Race photos by Jason Neben
Other riders in Texas called me “the triathlete” for my first one or two years of racing on the road. At the time I thought they’d misunderstood just how brief my experience with tri really was, or were basing the judgment on sock height. I realize now, however, that I could have earned it purely by riding style. On the front, off the front, to the side, dangling on the back—if there was a way for me to be in the wind, I’d find it.
|Anna Grace Christiansen celebrating the win.|
This year I’m racing in a setting where my competitors have just as much horsepower or significantly more than me. I’m learning a new bit of vocabulary in the national pro races, a synonym for non-drafting: It’s called “dropped.”
Bike racing is more lived than learned. Riding in a pack is fluid and instinctive, like a language, and to speak that language you have to immerse yourself in it. If you just focus on the things that you’re comfortable with or naturally good at, whether that’s crit racing or time trialing or road racing, eventually you’ll find yourself in a situation where you’re asked to be a complete rider and you come up lacking. And even if you do manage to be successful, if you’re honest with yourself you'll always wonder how much more you could have done if you’d done it right.
This year is a crash course for me—no pun intended, and knock on wood—in the skills I should have picked up a long time ago. (I mean, come on, what more can you ask for when the Driveway Series is practically in your backyard?) I also intend for it to be my final season of bike racing. Here’s hoping, now that I’ve buckled down, that I’m a quick study.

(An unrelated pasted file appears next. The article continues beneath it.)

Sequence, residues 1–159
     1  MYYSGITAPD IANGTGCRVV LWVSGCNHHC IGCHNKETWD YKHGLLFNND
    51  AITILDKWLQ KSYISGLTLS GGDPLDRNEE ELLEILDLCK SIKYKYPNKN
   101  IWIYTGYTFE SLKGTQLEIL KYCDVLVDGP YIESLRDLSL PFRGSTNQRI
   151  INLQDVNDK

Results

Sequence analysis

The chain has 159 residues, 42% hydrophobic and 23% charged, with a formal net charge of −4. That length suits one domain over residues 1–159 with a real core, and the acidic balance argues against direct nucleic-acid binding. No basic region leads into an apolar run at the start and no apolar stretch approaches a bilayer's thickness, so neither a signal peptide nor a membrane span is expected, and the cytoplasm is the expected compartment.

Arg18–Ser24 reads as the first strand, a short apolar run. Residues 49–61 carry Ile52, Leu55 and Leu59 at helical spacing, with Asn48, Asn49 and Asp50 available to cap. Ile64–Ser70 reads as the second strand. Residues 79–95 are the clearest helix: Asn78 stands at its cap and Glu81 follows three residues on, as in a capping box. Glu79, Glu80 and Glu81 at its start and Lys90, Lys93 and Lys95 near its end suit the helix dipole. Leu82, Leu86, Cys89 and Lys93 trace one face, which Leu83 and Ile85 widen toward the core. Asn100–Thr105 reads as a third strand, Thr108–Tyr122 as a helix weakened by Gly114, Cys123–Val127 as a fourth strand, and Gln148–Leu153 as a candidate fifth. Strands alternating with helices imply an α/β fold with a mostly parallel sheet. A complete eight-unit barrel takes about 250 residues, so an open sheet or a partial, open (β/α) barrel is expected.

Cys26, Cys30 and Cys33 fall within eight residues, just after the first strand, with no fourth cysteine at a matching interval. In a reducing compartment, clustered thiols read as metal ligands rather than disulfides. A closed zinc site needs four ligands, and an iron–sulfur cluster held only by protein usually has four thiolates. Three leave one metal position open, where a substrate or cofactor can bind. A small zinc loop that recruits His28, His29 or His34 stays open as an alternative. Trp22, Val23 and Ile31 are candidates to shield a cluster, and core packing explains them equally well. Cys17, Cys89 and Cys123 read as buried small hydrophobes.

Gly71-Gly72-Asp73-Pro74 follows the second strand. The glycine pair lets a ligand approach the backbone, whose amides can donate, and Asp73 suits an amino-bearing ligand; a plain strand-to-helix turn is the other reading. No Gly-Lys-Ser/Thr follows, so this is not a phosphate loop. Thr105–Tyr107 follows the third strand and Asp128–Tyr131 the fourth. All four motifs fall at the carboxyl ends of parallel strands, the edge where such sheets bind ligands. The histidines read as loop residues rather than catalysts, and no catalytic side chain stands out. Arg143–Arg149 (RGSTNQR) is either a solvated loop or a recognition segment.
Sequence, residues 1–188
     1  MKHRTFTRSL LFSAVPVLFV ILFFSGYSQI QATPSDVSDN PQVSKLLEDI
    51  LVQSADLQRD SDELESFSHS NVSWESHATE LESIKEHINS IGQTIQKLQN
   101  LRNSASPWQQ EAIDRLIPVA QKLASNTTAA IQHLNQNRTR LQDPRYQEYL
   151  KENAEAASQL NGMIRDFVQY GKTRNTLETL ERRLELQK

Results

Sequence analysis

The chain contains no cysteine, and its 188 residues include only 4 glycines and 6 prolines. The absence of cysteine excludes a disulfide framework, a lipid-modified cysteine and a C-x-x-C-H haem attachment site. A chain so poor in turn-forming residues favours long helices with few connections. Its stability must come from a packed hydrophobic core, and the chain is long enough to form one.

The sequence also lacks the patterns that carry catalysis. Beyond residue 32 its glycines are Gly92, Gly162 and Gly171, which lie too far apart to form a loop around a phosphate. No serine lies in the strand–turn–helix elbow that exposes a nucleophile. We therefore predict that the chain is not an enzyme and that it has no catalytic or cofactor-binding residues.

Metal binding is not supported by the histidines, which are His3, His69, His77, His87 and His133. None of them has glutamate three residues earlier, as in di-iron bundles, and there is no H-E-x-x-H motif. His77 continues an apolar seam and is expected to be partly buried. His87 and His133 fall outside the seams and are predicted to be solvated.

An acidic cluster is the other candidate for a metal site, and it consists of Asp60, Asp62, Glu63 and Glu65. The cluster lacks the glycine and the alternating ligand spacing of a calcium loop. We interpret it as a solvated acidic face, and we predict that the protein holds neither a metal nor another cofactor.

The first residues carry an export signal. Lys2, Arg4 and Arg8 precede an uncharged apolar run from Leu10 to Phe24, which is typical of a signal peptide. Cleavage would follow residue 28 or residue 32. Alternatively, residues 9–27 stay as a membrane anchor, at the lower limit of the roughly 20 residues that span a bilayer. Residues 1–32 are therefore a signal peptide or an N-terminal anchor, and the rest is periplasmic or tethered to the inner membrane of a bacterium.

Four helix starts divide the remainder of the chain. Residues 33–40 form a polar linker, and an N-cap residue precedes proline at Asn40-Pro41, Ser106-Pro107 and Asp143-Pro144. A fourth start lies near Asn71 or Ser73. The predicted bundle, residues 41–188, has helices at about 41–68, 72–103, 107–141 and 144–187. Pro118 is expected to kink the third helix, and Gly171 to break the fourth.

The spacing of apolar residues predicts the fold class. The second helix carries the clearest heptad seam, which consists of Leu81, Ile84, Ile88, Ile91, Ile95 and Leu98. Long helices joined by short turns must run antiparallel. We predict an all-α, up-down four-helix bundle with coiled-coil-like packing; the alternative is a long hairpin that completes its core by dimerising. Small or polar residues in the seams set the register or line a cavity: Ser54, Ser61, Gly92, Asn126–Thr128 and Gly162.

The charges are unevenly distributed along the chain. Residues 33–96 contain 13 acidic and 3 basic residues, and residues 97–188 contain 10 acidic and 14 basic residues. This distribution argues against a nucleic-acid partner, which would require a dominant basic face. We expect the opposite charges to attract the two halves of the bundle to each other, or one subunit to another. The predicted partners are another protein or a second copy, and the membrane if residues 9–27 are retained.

|Amber Neben with hand cyclist Jenna Rollman. Dare to Be Project.|
I’m a pseudo-climber and pseudo-TTer, so I was expected to do well. I finished 17th in the stage at 19:06. The effort was in line with the lower range of my power goal, but even as I crossed the line huffing and puffing I had the sense that I could have gone harder. Regardless of finishing place, in a TT you just want to know that you left nothing on the table. At San Dimas on the descent back to the start you should feel like Pac-Man gathering up the pieces of your soul you left behind on the way up.
It was a great day for the team, though—Amber Neben was in the yellow jersey with a finishing time of 17:15, roughly 30 seconds ahead of Team Optum p/b Kelly Benefit’s Brianna Walle. And my teammates Flavia Oliveira and Anna Sanders placed seventh and eighth.
Later that night, however, we had a very unexpected and unwelcome surprise. On our way to dinner, Amber called. She’d broken her little toe while unloading the car. The injury changed everything and nothing. Amber was still determined to ride, but it made our job as her teammates all that more important.
My job, along with my teammates Anna Grace Christiansen and Beth Ann Orton, was mostly just to set tempo at the front. Anything that went or that snuck off too far, we were to steadily close down. Not much went. And I wasn’t very good at my job, which means I provide a somewhat limited perspective on what happened during the race. I was like a satellite orbiting the peloton, either killing myself at the front or at the back, and often completely in the dark about what was happening in the race. At one point I was gapped with a group at the back and had to fight for a long time to get back on. The race set a new normalized power record for me in the 2.5-hour range (which previously had been the cat 2 men’s race at day one of Lago Vista), but most of the time I was working hard in a way that wasn’t useful to anyone.